Rainy Day Sensory Bin: This was an easy sensory bin to put together and Emmett loved it! I poured the water and shaving cream from our Cloud in a Jar experiment into the water table. I added more water, cotton balls and paper cups with holes poked in the bottom. The shaving cream swirled in the water made it look like thin clouds. The kids had fun making raindrops with thepaper cups and squeezing the cotton ball clouds. Emmett spent a lot of time pouring water from one cup to another and really liked when I would make raindrops for him.
Snow Dough: This is another version of cloud dough, but I called it snow instead. I mixed cornstarch and shaving cream for this one. It was a bit crumbly, but when you squeeze it in your hand it will hold its shape for a bit. I laid out a plastic table cloth so we could use it outside and not get it all over. Both kids really enjoyed playing with the "snow." I ended up with white foot prints all over my floors, but it cleaned up easily with a bit of water.
Rainbow Math: I found this idea here. It was easy to put together and fun to play. We used our giant foam dice again to roll numbers for each color of the rainbow. We started with red and worked our way through. Emerson would roll the dice and I would write the numbers down on our dry erase paddle as an addition problem. She would add the two numbers together and then would write the answer on the paddle. This is a great way to start introducing addition to young children. It also gave her some extra writing practice. We would then place the same color and amount of fruit loops to the corresponding color of the rainbow. Once all colors had been rolled for I asked her questions about which color had the most, least or the same amount. Emmett enjoyed eating yummy fruit loops. I also tried to tell him each color as he ate them to introduce colors to him.
Homemade Thermometer: This was a really cool science experiment. We took an empty plastic bottle and filled with 1/4 full with water and then another 1/4 full of rubbing alcohol so the bottle was half full. We added a couple drops of blue food coloring so we could more easily see what was happening. I took one of our clear acrylic straws and placed it in the bottle so that it was emerged in the liquid but not touching the bottom of the bottle. I secured it with some play-dough and made sure the top of the bottle was fully sealed. Then we moved the bottle to a warm spot and watched the liquid rise up the straw. When we movedit to a cold place like the freezer we saw the liquid lower in the straw. Emerson had fun picking different spots throughout the house to see what would happen. When Steve got home I asked him why this worked and he said that since the bottle is sealed off with the play-dough that when the air molecules inside the bottle get hot and expand, it pushes the liquid up the straw. When it gets cold the air molecules contract, leaving more room for the liquid and it goes back down. Thank God for a scientist husband, right? I originally found this idea here.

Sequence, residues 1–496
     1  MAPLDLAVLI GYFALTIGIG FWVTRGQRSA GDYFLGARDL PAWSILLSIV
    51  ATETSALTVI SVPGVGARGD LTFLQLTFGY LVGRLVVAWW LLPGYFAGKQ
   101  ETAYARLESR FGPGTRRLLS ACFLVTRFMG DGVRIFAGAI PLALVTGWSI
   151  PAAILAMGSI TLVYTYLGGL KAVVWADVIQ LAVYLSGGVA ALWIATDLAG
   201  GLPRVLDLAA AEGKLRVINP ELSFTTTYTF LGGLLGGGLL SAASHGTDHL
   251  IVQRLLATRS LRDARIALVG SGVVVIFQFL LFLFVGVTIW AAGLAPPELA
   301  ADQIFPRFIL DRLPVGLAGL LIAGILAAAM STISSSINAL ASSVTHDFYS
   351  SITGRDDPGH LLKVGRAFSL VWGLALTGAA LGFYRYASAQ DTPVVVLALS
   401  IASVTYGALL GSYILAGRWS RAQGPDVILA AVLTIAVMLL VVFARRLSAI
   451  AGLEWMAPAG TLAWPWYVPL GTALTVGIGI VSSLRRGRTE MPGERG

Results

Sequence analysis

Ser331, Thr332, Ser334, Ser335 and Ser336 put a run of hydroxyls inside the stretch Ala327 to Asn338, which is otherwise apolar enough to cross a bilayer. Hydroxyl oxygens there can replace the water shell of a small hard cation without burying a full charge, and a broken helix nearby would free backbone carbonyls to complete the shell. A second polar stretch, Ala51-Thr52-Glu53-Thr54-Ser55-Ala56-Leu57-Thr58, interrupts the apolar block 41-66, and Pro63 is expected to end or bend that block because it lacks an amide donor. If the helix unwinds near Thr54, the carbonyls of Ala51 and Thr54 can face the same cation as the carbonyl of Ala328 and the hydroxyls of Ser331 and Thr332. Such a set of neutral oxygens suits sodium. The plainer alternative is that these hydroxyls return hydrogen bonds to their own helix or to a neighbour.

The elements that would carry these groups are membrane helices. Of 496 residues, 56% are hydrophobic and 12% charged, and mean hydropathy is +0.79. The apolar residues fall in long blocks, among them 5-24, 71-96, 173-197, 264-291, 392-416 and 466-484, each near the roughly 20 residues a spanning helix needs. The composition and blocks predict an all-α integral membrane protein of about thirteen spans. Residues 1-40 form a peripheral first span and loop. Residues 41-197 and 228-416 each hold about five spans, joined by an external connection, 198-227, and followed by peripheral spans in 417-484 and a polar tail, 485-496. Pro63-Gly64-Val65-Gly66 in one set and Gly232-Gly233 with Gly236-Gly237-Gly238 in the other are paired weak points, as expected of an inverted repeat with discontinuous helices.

Weather Sensory Bottles: We had a lot of fun making these weather sensory bottles. I got a pack of small water bottles and we filled them with various craft items and water to create replicas of weather. We made cloudy, rainy, windy, sunny, snowy and Emerson insisted on making a rainbow one too. Emmett really enjoyed picking up little things and putting them inside the bottles. It was great fine motor work for him. Emerson was really creative in coming up with different ways to represent each type of weather. If you want to make your own check out my post here.
Writing in Clouds: I always try to make our writing activities as fun as possible since Emerson is just starting to learn how to write. I often will have her write in different ways one of which is in different materials. We used shaving cream to create "clouds" on cookie sheets. She spread the shaving cream out and then wrote the letters she knew with her finger. Emmett enjoyed having some extra sensory play. He is finally outgrowing the "put everything in their mouth" stage so he did great with this activity.
It was a busy week studying weather. We all had a ton of fun and the kids learned so much. I hope you enjoyed reading about our weather unit. Try some of these activities with your kiddos and let me know how it goes.